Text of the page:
Everyone has a smart phone. Everyone is downloading apps. Every day is “Bring your toy to work day.” Portable media introduces unique risks for which existing controls are less effective. What are these risks? Are they unique to your institution?
For those of you who have time, let’s run those pesky mobile devices through your trusted risk management framework and figure out if this Droid invasion is really anything to worry about. With the new year nearly upon us, now is the perfect time for an updated information security risk assessment and decide if existing policies are sufficient or if a new set of mobile security controls are needed.
Hold on, here we go:
1) System Characterization – Perhaps the most important component. What is the impact to the business if a critical system was unavailable or sensitive information was compromised? If the answer here is “no impact,” then the risk introduced by a new iPad is nonexistent. So, for the sake of argument, we will assume the system characterization is high.
2) Threat Identification – What possible threat-sources could originate from a little iPhone? Using the physical device (Mail in your business card for a free smart phone!) or any one of its supported apps, malicious users (on the Internet or in the parking lot) have yet another avenue to access your corporate network. Don’t forget about internal employees. How much sensitive information was immediately compromised when Gerald left the phone on the bus?
3) Vulnerability Identification – Out-of-date software, weak or non-existent passwords, poor physical security…the list is endless and will be changing constantly. Given the futility of eliminating every vulnerability, what control options are there?
4) Control Analysis – This is where dusting off all those old policies may provide some value. What works and what doesn’t? Prohibiting the use of portable media will not work. Creating a segmented wireless network to allow Internet access from your portable device may work. Asking users to not email confidential information will not work. Encrypting data in transit and storage may work. Are you doing anything more than relying on default vendor settings?
5) Likelihood Determination – My personal favorite. How likely could specific vulnerabilities be exploited by specific threat sources? Based on this recent report that claims “More than 80 percent of Fortune 500 companies are ‘deploying or piloting’ the iPhone,” it appears the likelihood is increasing every day.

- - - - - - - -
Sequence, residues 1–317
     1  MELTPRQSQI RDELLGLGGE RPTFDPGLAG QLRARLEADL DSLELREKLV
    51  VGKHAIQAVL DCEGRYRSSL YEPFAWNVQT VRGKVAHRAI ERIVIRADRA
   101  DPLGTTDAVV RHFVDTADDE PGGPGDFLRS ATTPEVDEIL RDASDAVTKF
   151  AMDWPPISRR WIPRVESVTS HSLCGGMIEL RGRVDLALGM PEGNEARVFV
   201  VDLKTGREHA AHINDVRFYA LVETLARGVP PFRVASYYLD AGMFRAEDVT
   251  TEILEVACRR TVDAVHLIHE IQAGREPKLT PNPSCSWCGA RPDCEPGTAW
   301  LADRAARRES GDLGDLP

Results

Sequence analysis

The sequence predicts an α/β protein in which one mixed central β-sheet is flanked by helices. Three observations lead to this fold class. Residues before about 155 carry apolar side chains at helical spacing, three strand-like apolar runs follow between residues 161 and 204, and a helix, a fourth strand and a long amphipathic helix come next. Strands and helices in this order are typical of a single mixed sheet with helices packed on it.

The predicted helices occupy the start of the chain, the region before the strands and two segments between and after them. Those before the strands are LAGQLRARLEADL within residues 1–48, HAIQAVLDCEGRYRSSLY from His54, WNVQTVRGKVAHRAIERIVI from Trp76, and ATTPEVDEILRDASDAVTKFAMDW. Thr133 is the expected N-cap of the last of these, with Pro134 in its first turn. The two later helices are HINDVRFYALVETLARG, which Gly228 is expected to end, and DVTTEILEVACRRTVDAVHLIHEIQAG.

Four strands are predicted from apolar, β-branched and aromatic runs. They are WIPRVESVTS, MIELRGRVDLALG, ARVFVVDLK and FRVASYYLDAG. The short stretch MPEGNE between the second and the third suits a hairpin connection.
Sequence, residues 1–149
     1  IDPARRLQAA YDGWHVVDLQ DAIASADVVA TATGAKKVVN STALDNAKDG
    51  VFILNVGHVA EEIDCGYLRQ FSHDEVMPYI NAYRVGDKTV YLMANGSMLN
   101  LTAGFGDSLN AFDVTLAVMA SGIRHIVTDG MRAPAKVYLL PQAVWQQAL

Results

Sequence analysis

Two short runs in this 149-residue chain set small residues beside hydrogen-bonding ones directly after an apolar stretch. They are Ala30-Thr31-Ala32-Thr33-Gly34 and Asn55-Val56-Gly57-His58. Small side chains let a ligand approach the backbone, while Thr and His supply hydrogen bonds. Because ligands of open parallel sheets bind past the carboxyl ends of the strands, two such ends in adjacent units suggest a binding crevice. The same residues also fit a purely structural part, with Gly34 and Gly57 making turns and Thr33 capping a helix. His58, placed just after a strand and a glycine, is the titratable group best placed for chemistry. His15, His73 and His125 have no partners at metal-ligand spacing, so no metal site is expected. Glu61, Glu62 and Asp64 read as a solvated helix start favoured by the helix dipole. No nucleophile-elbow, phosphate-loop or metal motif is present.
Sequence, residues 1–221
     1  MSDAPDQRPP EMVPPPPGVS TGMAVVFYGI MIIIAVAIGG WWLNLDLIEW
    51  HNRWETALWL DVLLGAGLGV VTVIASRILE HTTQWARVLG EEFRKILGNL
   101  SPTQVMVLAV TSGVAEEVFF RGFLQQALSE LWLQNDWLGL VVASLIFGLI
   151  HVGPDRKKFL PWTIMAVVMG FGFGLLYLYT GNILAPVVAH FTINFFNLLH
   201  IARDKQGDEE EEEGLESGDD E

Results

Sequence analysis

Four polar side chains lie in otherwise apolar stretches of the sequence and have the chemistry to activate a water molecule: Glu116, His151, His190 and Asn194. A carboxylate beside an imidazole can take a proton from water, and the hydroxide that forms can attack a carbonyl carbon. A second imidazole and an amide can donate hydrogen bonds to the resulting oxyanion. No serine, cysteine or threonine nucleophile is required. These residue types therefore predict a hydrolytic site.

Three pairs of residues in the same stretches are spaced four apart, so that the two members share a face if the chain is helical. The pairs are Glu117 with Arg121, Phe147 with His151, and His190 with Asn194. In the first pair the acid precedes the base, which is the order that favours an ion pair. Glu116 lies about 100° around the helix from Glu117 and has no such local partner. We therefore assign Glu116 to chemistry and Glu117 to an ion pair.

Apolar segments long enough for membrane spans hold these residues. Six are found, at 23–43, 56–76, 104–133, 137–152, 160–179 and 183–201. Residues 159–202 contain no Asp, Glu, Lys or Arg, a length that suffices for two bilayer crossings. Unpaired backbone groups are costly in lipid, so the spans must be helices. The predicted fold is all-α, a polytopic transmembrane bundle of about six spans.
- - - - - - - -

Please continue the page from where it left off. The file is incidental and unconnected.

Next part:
6) Impact Analysis – What kind and how much data is stored on the device when it is compromised? To what critical internal systems does it have access? If a vulnerability is exploited on a single device, does that mean all ten thousand throughout the enterprise are also compromised?
7) Risk Determination – Let’s look at a few threat-source/vulnerability pairs and factor in likelihood and impact.
i) A malicious attacker writes an app that dynamically replaces all the simple words in your email to make one sound smarter. Once the user downloads this “free” app, it also sends a copy of every email back to the author including non-public financial forecasts that your company was not quite ready to release yet. Risk level is high. ii) A doctor just downloaded a recent list of patient data to his iPad so he would have something to read on the plane to his vacation in Costa Rica. Several hours later he awakens and finds the device is gone. No authentication was enabled and now the insurer is prosecuting the patient for false claims. Risk to the patient high, risk to the doctor high, risk to the insurer high, risk to the hospital high, etc.
8 ) Control Recommendation – What can we do to reduce the risk of both threats just described? Mitigating controls include anti-virus programs, restricting software available for download, better logging and monitoring systems, strong authentication, user awareness training, incident response…basically the same set of controls we have been living with in the enterprise all along.
To make a long story short, adjust current policies and procedures to incorporate these new assets and continue to manage the tightrope between security and business agility.